We then started to drive back towards Chiang Mai and stopped for lunch at a restaurant – in another teak house – overlooking the river. It was very peaceful and we had the place to ourselves. We then drove back to Chiang Mai. It had originally been planned that we would visit Lampun to see some more weaving. However, I felt that I had seen enough weaving and I wanted to take the opportunity visit Rin’s shop. We dropped off Chiaya and went to ‘Pa Ker Yaw', the shop of Bunrin Thongdeelert (Rin) 180 -184 Loi Kroh Rd, Chiang Mai Thailand 50100, tel/fax 66-53-275491. Rin has a large collection of textiles, particularly in a side room which was stacked from floor to ceiling with folded textiles. Many of the textiles had been purchased in China particularly from the dealers in Kaili. This meant that Rin did not have direct knowledge of the origin of many of the textiles. She had gathered together quite a large collection of Li textiles as well as some which she was holding for sale from a friend. Many of the Rin’s Li textiles have been photographed and shown on Susan’s tribaltrappings.com website to help disseminate and sell them. Some were very fine, others more crude. I bought a beautiful Hainan Li skirt (possibly Qi Li) with embroidered figures on it and a simpler skirt, possible Vietnam Li (attributed by Susan). I also bought a Chinese Lo Lo woman’s jacket and apron and a fine embroidered Dong apron. All were good quality items mainly or all of natural dyes, with hand spun thread and with beautiful weaving and embroidery.
I then walked back to the hotel which was close by. After a much needed shower I had supper and went to bed as I was exhausted and could hardly keep awake.
Sunday 12 October
I had a good night’s sleep and managed to go back to sleep for a doze in the morning. I got up quite late and had a leisurely breakfast and read the paper. I came back to my room to find an email from Susan changing our appointment to meet that afternoon to and earlier time . She suggested that I might like to go to the Suriwong Bookshop and next door Wawee Coffee shop before they closed at 12.30 p.m. The concierge drew me a map showing the back-street way to the bookshop and I walked there in five-ten minutes. Suriwong is a large bookshop with both Thai and English language titles. I found the textile books in the Thai language section and then the ‘new arrivals’ in the English language section. I was lucky enough to find a White Lotus volume based on photographs of Chittagong including several photos of Mru showing examples of the skirt that I had bought from Laura on Thursday evening. I had a couple of cups of coffee and a slice of cake in the Wawee coffee shop before it closed at 12.30 p.m. when I walked back to the hotel.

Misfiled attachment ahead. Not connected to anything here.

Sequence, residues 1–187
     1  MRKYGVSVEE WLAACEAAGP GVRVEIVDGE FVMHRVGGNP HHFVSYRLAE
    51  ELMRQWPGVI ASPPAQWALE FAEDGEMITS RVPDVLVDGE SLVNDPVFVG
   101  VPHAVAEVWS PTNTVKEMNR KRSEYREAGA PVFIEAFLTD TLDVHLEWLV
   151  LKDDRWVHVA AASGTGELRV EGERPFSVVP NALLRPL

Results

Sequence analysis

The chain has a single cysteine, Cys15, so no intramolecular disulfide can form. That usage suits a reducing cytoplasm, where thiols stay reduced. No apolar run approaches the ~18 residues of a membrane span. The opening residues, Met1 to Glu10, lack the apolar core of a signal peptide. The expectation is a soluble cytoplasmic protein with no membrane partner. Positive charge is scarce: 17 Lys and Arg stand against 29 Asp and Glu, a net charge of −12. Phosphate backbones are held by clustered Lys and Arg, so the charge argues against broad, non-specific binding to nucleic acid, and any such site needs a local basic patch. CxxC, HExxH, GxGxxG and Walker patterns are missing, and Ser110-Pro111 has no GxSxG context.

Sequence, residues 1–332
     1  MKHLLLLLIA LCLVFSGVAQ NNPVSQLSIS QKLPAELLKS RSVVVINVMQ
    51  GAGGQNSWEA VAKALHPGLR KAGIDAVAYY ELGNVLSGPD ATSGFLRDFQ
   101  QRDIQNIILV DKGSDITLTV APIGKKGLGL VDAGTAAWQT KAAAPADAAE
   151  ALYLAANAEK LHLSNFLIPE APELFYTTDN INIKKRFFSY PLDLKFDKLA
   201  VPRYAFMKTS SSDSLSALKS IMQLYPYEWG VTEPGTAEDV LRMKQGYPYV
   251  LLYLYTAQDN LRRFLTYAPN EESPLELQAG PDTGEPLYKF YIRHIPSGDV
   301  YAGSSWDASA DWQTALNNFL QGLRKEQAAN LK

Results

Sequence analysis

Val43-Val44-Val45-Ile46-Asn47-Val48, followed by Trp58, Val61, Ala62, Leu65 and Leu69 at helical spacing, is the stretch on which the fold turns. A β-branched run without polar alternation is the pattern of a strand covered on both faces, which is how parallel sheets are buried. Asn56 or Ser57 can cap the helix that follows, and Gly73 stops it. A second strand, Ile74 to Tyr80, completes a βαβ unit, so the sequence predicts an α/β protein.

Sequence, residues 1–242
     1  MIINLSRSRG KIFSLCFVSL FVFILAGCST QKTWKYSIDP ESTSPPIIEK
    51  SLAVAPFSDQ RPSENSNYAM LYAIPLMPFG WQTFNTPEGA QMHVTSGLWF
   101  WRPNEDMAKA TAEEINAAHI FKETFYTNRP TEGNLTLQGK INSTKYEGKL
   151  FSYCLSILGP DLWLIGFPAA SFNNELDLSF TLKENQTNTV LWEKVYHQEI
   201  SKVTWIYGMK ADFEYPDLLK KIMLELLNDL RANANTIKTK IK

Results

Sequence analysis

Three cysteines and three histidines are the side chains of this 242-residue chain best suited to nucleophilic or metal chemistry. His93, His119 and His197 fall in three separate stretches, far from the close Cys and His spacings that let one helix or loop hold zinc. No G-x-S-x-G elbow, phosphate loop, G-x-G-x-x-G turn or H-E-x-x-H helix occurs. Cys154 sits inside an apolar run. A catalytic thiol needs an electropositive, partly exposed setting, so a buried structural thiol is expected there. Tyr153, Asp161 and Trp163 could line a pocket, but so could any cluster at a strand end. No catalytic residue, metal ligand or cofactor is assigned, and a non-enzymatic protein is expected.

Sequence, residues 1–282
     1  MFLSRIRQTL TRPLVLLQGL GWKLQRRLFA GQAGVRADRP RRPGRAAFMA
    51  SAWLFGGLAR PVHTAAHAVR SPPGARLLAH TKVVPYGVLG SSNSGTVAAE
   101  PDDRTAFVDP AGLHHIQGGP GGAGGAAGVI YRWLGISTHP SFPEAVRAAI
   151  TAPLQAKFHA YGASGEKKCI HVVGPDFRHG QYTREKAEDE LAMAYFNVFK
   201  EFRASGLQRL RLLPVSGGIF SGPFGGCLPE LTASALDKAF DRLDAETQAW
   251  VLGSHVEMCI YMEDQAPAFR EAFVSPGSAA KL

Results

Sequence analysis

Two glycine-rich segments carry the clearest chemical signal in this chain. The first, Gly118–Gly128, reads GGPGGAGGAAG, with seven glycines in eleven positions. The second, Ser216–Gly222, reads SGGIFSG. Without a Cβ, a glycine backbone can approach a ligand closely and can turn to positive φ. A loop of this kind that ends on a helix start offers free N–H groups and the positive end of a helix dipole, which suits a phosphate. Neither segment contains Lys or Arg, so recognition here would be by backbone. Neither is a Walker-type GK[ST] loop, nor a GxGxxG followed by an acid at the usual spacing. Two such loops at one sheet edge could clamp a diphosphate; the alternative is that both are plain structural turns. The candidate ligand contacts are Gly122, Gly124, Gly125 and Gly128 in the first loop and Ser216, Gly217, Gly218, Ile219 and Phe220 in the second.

Susan and Robert came for me at 14.00 and we had a drink in the lobby and I showed them the Mru skirt and my Japanese fireman’s sashko helmet. Susan had brought in her Zantu tunic which I bought. We then set off to Mae Rim to visit Darapirom Palace Museum which is the renovated former home of Phra Raja Jaya Chao Dara Rasimi, a daughter of the last King of the northern monarchy of Chiang Mai and consort of King Chulalongkorn. The palace had been restored in the late 1990s/early 2000. It was a very pleasant and peaceful place set on land owned by the army. (Darapirom Museum, Dara Rasamee Military Camp, Mae Rim Rd. Tues-Sun, 9.00 a.m. - 5.00 p.m. Tel. 053 299175). There was an exhibit of the life of Dara Rasimi including some of her clothing.
We then drove back to Chiang Mai for 1700 to visit the Sbun Nga Textile Museum (Old Chiangmai Cultural Centre, Wualai Rd. Tel. 053 215026-7. 10.00 a.m. - 12.00 a.m. or 1.00 p.m. - 7.00 p.m. Bt 100. Closed Weds). This is located in the old Chiang Mai Cultural Centre where we were met and given a special tour by the collection owner, Khun Pom (Mr Akadet (Mrs Chaiskran) Nakkabunlung, 95/15-16 Nimanhaemint Rd, T.Suthep, Chiang Mai, Thailand 50200, tel/fax: (053) 215026, Mobile 01-8836713, 01-8815751).
Khun Pom has been collecting for the last 20 years. The museum had been open for about 6 months and he had been working on it for about a year. He had stencilled the gold designs on the teak beams himself. He was still adding items to the collection e.g. a parasol for one of the royal tableau, and Susan saw several changes/improvements since her earlier visit. It was a fantastic collection of regional Thai textiles of the northern part of Thailand, Laos, Vietnam, Burma and China focusing on ethnic Thai textiles and a wide range of textiles for royal use. (Our immediately prior visit to the Darapirom Palace Museum gave the royal clothing added relevance.) The collection also includes some quite ordinary textiles and many items of living to set the textiles in context. There are a large number of photographs throughout the exhibit showing the textiles being worn which really puts them into context. Many of the photos were familiar from the reference works and it was excellent to see them brought to life in colour by the accompanying textiles. In one case Khun Pom had painted a picture (in colour) based on a black and white photo and his textile collection. He has about 6,000 items in his collection and intends changing the exhibits on view every 6 months. There were good descriptions in English and Thai (albeit with, at times, some idiosyncratic English spelling). There was a recorded introduction and an explanation of each of the five rooms in good English and with a background of Thai music. The collection had clearly been assembled and displayed with a passion and the obsession of a dedicated collector. Walking through it – especially with the collector – was an overwhelming experience! Khun Pom intimated that he was planning to write a book on the collection.